Literature reviews are in great demand in most scientific fields. Their need stems from the ever-increasing output of scientific publications. Given such mountains of papers, scientists cannot be expected to examine in detail every single new paper relevant to their interests. Thus, it is both advantageous and necessary to rely on regular summaries of the recent literature. For such summaries to be useful, however, they need to be compiled in a professional way. This article presents ten principles to follow when conducting a literature review.
The article focuses on the methodology of systematic reviews and meta-analysis. It explains that systematic review is a research method which summarizes the scientific evidence regarding a particular research question while meta-analysis synthesizes quantitative results to determine the relationship between predictors and outcomes. Guidelines for evaluating and interpreting the results of systematic reviews and meta-analyses as well as their importance to palliative care are also offered.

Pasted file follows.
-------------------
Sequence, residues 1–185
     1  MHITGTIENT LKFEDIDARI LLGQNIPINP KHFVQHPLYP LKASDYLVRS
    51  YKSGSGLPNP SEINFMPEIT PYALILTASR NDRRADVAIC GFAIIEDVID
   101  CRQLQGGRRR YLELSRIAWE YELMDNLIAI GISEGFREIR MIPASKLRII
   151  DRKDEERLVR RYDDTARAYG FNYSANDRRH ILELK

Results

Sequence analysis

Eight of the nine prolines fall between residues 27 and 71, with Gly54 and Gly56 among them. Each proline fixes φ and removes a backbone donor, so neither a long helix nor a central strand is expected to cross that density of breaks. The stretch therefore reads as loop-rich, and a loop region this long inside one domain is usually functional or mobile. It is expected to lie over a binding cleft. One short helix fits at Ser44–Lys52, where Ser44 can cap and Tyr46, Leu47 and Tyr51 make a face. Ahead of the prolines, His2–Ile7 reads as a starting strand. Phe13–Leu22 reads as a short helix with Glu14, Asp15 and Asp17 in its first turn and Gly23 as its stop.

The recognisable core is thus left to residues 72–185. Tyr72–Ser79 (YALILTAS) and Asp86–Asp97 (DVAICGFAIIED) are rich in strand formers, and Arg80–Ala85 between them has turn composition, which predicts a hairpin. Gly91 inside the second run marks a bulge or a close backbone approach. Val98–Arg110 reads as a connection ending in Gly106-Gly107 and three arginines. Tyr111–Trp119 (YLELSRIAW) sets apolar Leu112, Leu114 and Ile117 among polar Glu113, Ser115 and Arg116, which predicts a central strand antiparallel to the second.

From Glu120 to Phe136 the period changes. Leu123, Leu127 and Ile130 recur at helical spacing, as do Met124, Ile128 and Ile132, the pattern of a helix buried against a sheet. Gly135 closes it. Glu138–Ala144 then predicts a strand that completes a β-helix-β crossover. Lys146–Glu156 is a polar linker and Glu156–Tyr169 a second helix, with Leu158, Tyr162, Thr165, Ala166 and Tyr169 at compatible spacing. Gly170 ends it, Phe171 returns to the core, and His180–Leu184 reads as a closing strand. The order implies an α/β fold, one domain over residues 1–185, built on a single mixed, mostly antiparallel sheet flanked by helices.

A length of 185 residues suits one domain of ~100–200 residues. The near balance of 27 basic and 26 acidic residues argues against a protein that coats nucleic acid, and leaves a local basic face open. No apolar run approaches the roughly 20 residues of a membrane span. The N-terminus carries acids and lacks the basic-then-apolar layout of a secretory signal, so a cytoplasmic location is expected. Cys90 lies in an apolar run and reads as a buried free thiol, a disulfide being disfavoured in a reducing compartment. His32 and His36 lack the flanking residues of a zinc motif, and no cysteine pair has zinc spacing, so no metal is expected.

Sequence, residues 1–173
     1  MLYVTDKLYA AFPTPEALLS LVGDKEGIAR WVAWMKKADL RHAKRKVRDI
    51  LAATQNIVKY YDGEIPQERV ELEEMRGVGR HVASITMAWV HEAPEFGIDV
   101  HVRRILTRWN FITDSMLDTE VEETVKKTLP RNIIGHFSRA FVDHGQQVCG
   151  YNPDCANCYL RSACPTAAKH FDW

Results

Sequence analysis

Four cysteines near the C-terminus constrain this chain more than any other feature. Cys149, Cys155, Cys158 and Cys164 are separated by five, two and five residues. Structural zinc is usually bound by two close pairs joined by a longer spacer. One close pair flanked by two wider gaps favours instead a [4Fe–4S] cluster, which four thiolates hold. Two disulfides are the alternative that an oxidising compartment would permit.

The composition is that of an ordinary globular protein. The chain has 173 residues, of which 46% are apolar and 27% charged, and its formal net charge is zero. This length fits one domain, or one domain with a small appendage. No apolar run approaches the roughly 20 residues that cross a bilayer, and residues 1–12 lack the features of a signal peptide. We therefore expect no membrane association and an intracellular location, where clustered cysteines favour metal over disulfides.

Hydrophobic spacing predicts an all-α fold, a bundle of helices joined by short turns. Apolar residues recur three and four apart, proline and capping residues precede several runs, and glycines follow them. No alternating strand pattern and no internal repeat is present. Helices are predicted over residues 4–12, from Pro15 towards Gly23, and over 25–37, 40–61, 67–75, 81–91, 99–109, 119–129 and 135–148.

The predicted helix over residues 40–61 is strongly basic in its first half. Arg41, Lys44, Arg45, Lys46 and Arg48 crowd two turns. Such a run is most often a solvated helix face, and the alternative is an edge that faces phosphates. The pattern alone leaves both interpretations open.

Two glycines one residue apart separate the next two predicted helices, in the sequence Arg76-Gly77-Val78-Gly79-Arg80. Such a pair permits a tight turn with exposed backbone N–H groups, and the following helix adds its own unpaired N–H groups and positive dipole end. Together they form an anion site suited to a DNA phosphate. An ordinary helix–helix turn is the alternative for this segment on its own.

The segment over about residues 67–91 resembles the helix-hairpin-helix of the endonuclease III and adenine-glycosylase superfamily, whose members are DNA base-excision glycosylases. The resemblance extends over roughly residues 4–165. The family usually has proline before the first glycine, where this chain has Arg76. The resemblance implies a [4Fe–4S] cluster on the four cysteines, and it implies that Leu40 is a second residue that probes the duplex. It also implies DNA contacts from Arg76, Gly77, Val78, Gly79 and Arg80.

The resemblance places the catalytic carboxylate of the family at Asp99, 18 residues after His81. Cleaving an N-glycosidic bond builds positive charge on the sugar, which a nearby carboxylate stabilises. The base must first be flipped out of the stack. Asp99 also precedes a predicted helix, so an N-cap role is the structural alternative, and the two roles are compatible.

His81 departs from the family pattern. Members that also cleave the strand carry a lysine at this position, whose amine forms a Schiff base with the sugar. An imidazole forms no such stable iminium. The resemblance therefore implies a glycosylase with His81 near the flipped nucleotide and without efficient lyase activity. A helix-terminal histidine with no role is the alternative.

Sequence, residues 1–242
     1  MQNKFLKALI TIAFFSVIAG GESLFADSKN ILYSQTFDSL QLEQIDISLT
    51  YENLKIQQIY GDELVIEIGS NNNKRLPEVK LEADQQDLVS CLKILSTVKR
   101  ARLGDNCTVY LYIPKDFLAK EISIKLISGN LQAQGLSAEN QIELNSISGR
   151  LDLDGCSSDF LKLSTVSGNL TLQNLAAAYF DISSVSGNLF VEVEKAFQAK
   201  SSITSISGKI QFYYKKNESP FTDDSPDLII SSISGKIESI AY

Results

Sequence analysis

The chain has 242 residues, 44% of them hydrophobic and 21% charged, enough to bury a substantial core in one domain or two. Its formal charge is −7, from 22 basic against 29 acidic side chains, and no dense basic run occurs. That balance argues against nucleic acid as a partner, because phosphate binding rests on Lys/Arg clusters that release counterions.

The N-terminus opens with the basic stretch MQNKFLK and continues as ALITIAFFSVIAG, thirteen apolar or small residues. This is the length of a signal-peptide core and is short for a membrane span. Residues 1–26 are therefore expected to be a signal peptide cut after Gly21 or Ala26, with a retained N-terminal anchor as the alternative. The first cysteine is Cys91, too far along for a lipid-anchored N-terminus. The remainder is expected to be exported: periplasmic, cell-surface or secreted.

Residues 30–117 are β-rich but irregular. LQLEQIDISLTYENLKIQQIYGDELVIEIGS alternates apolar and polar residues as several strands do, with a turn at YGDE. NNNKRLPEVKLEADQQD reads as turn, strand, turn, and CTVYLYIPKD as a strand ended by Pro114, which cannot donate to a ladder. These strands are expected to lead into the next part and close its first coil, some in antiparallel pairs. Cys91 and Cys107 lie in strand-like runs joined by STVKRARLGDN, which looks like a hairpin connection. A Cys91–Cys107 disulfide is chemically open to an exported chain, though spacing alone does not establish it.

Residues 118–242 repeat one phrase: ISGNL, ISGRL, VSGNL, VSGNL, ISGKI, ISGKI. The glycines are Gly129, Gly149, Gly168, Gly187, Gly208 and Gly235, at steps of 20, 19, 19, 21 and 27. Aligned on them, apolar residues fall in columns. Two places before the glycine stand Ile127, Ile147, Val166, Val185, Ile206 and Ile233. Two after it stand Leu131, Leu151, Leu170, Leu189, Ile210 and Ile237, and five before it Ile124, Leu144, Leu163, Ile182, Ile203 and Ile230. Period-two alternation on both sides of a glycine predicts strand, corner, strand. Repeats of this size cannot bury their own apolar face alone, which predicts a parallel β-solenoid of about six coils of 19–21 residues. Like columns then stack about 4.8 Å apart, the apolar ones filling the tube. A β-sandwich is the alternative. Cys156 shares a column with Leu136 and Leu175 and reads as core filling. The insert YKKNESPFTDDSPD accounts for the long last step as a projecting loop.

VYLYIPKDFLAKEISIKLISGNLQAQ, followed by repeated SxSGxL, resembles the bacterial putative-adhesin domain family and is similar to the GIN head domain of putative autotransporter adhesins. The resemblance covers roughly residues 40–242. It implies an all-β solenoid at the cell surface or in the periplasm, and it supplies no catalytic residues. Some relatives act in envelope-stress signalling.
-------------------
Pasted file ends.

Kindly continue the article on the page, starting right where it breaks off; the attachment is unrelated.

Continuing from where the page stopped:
This article presents a step-by-step guide to facilitate understanding by presenting the critical elements of the literature review process in the context of nursing education and practice, with reference to to different types of literature reviews and the literature review as an academic assignment or part of the research process
The expansion of evidence-based practice across sectors has lead to an increasing variety of review types. However, the diversity of terminology used means that the full potential of these review types may be lost amongst a confusion of indistinct and misapplied terms. The objective of this study is to provide descriptive insight into the most common types of reviews, with illustrative examples from health and health information domains.
As preparation for establishing a simulation laboratory, a review of the purpose of simulation, learning theories, advantages and challenges, regulatory viewpoints, budgetary needs, and educator training is presented.